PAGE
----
Lacy is an amazing and complex protagonist who has known a lot of suffering and is a victim of abuse. So it’s not surprising when you learn of her smoking and thieving or when she uses her dark magic it’s typically in a justifiable situation. Yet Lacy is overcome with guilt and self hatred for her actions since she did a bad thing, she has a conscience. Although as the book progresses we get to meet many different Lacys who aren’t as nice, are more vengeful, more innocent and more fragile since Lacy is just a kid who wants to study botany and chemistry but is stirpped away from all that she loves and isolated with an abusive and wicked mother who turns her into another person. Typing of Lacy’s mother Cheyenne who is a beautiful and ageless woman that is quite adept at extortion and other crimes in order to survive. Cheyenne is a very talented manipulator who easily plays with Lacy, lovers and everyone one around her who begin to question their own sanity while in her presence. Readers learn more about Cheyenne’s past which is haunting and answers a lot of questions, but it in no way justifies her actions and makes Lacy seem all the more powerful for being able to go up against her mother. Another character worth mentioning is Anne, Lacy’s stepmother who is a good natured vegetarian who is terribly worried and avidly fighting for the right to take Lacy away from Cheyenne and that is so great. Anne totally defies the stereotype that all stepmothers are wicked and it’s great to see an adult so concerned with Lacy after she has lost so much. There are more awesome characters, but it would be spoiling too much to mention who they are and their roles, but they are essential to the plot.
This novel is not for the faint of heart their is child abuse, manipulation, self harm, attempted suicide, attempt at rape and a lot of other horrible things so be wary when reading this novel. It’s a scintillating read that’s quick and easy, but has a lot going on. It also really gets into the psychology of being an abuse victim and how the mind starts changing as someone is abused.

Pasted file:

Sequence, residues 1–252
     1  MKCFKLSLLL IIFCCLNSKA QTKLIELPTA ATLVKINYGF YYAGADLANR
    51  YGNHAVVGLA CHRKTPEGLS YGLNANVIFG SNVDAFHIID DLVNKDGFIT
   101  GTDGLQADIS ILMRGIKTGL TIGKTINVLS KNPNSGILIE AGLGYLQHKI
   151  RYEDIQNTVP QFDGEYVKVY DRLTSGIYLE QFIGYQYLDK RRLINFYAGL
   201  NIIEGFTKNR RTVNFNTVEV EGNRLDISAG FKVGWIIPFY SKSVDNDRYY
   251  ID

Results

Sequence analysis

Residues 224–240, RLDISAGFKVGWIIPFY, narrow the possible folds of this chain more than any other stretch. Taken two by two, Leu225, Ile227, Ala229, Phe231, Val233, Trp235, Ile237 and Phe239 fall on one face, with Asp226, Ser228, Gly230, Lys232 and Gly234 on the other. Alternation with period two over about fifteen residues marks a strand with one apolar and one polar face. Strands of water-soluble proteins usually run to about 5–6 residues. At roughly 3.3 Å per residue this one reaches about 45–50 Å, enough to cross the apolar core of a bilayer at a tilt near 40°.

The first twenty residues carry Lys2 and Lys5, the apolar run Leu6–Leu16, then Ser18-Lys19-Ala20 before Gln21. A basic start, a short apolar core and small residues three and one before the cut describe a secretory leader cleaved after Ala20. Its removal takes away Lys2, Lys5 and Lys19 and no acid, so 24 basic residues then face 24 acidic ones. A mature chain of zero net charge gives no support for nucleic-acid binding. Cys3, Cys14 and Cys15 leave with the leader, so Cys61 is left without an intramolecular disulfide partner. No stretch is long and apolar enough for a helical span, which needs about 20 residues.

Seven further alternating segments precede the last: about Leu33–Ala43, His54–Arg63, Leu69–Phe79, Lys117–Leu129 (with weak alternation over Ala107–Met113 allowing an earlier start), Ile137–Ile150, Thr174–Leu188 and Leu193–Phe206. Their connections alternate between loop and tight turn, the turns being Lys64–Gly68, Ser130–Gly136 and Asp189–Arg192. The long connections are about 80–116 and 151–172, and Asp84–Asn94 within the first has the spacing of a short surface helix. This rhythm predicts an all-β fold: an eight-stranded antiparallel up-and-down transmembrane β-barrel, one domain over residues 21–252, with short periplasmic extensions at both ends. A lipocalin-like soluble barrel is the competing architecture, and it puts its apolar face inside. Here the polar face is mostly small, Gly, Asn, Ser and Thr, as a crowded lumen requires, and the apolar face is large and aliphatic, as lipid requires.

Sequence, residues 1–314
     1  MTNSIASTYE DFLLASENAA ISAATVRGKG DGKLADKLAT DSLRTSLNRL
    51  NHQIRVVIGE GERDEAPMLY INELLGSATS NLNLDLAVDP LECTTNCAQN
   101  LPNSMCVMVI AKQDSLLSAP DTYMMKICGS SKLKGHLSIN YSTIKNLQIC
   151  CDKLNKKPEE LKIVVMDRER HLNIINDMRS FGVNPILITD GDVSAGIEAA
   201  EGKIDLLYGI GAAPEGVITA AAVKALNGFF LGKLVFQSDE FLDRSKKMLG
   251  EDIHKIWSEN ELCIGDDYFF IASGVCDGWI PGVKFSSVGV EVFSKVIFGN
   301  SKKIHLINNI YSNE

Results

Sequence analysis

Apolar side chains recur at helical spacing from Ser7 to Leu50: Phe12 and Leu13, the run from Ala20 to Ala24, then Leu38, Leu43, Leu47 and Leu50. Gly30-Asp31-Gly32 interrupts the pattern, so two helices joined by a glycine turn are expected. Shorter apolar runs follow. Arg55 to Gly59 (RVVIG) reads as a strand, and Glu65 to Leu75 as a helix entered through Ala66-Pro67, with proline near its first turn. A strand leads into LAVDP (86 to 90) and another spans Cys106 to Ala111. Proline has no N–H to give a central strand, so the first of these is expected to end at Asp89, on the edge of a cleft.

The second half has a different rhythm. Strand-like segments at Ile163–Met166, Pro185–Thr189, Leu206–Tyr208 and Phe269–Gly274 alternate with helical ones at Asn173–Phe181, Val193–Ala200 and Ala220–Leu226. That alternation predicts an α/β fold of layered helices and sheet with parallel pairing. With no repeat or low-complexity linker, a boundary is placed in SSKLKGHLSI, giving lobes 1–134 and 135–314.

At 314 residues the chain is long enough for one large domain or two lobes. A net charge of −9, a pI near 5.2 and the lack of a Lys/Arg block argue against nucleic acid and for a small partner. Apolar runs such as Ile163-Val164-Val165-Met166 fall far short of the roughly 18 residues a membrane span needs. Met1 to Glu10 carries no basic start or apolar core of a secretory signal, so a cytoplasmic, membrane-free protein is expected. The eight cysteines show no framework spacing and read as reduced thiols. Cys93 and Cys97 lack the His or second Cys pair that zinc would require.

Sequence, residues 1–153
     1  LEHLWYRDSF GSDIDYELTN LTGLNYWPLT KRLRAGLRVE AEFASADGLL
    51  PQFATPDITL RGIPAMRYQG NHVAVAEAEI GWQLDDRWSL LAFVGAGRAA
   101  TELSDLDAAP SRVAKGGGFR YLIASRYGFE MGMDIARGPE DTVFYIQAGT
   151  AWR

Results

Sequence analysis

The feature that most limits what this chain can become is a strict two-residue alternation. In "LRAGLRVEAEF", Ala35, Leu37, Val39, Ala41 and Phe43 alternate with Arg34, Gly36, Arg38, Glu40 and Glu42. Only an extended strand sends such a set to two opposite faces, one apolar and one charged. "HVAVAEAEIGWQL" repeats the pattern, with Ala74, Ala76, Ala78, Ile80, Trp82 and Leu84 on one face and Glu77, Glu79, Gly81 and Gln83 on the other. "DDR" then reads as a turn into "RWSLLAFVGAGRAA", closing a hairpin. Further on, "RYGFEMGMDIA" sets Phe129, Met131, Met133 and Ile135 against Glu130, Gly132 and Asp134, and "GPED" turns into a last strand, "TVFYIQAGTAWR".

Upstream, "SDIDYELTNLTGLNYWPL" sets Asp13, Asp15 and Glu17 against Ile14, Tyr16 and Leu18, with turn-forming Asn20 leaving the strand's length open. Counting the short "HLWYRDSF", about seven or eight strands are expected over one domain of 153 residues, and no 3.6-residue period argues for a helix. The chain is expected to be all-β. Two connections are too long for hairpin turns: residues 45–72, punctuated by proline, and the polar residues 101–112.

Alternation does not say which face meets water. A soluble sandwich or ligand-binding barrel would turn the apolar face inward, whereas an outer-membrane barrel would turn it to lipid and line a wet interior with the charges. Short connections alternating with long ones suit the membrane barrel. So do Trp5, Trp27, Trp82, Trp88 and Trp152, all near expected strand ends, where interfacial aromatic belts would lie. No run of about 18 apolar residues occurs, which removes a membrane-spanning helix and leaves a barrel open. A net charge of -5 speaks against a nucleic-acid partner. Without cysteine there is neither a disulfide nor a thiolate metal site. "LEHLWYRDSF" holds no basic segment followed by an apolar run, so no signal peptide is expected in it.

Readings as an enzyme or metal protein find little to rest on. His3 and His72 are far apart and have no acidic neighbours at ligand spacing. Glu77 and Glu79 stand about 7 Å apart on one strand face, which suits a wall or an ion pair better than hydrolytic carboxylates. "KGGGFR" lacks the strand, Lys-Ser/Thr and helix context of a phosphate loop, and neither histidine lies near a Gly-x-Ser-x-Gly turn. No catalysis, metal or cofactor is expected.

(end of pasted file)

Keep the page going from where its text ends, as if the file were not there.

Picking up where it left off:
Overall, When My Heart Was Wicked is a novel that captures a reader wholeheartedly and takes them on a wild ride. Its perfect for the season when everything is creepier than usual. I will be recommending this to people who are comfortable with such themes. Although the warning I will also be giving is that their is a charm on this book which is that you can’t put it down once you start.
While sitting through a boring class it’s fun to doodle or draw in my notebook and then imagine the little characters and waves that I sketched come to life and put on a little play for me. Now, as cool as that would be if it actually happened I would be a little freaked out if one day the murals around downtown began to weep or change while my doodles cowered in a corner of my notebooks. But I guess in Brooklyn, New York that’s the case and it’s up to Sierra to get to the bottom of this mystery. A mystery which answers a lot of questions but creates countless more.
So its modern day Brooklyn and school has just let out for the summer when Sierra is given the task to paint a mural all over an abandoned tower which obviously an artist would be happy to do. And in teenager fashion makes the mural a great dragon! Yet as Sierra works on her mural she notices another across the way begin to fade and weep so she goes to her Grandfather who has been speaking in tongues until this occasion when he instructs her to find someone and gives her a part of a poem. So Sierra finds this person a fellow artist named Robbie and he explains everything to her and just in the nick of time since they need to ban together in order to save the world! Which I won’t go into since that would be spoiling the book and that’s cruel. But what I will say is that the story is utterly captivating and on more than one occasion throws out a plot twist. Which was unexpected, but very appreciated.
Sierra Maria Santiago is what she is; enough. She’s casual with a touch of cute and is a freaking badass. She is an amazing narrator who takes everything in stride after tripping a few times, literally. But what I appreciated most about Sierra was a few unimportant scenes where she perfectly describes body image issues and how she interacts with her family and friends. I loved how Sierra went to or attempted to get help from adults which is something so seldom seen in novels and movies, especially when the adults in her life listened and did help her. Now on to Robbie! An inked up artist who isn’t really intimidating but is pretty quirky and absolutely the most loveable person in the book. He isn’t very smooth and has a track record for ditching his dates, but he is always well prepared to fight and draw. Robbie is essential to Sierra’s induction to shadow shaping and he teaches her most of what she knows as well as support Sierra as all the craziness catches up to her. Alright time for a few quick honorable mentions to Sierra’s other friends who were truly loyal and hilarious as they adventure together. And even for the friends who didn’t stick around, my hat goes to them for leaving and not forcing themselves into a situation they didn’t want to be in. Then there was Nadiya and Sierra’s godfather who were very present and amazing adults that every teenager should know.